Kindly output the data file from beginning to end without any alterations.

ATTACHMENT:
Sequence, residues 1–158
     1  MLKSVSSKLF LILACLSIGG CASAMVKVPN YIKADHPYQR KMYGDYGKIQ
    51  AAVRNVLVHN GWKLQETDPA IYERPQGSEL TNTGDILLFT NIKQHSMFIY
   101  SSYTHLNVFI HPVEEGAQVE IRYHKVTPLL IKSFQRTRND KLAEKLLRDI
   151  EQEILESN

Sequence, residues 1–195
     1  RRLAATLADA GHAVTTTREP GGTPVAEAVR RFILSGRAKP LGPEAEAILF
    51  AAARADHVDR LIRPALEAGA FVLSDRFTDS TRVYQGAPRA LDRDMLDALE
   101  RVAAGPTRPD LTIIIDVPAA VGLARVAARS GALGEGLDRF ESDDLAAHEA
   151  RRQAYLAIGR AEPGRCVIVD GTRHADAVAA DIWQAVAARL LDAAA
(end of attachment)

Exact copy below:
Sequence, residues 1–158
     1  MLKSVSSKLF LILACLSIGG CASAMVKVPN YIKADHPYQR KMYGDYGKIQ
    51  AAVRNVLVHN GWKLQETDPA IYERPQGSEL TNTGDILLFT NIKQHSMFIY
   101  SSYTHLNVFI HPVEEGAQVE IRYHKVTPLL IKSFQRTRND KLAEKLLRDI
   151  EQEILESN

Sequence, residues 1–195
     1  RRLAATLADA GHAVTTTREP GGTPVAEAVR RFILSGRAKP LGPEAEAILF
    51  AAARADHVDR LIRPALEAGA FVLSDRFTDS TRVYQGAPRA LDRDMLDALE
   101  RVAAGPTRPD LTIIIDVPAA VGLARVAARS GALGEGLDRF ESDDLAAHEA
   151  RRQAYLAIGR AEPGRCVIVD GTRHADAVAA DIWQAVAARL LDAAA